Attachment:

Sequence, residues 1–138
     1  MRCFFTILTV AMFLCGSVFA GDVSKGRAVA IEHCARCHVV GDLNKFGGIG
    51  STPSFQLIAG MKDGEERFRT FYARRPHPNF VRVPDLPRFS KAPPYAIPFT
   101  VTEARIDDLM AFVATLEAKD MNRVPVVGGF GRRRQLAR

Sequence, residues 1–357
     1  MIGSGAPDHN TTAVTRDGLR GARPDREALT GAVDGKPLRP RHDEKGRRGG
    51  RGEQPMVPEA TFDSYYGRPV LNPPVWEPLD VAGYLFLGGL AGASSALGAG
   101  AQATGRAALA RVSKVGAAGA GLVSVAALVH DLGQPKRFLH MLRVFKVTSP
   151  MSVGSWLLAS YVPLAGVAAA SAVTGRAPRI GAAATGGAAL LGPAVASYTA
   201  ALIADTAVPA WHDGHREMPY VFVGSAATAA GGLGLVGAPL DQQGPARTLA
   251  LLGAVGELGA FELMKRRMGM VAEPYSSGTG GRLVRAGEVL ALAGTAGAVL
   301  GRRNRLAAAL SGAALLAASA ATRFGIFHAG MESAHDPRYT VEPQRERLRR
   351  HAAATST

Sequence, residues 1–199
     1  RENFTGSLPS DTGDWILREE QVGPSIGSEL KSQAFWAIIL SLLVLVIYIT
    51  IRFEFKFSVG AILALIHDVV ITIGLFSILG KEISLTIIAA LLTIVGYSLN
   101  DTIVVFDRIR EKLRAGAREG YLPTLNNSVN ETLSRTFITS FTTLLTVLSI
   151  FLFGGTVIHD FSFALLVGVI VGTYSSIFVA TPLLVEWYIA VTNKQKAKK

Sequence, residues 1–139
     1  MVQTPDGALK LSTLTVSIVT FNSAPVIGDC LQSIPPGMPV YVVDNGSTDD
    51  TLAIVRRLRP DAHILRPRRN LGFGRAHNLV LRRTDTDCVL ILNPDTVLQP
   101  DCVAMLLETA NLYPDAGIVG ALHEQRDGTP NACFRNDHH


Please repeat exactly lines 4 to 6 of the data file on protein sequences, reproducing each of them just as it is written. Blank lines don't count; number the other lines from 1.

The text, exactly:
   101  VTEARIDDLM AFVATLEAKD MNRVPVVGGF GRRRQLAR

Sequence, residues 1–357
     1  MIGSGAPDHN TTAVTRDGLR GARPDREALT GAVDGKPLRP RHDEKGRRGG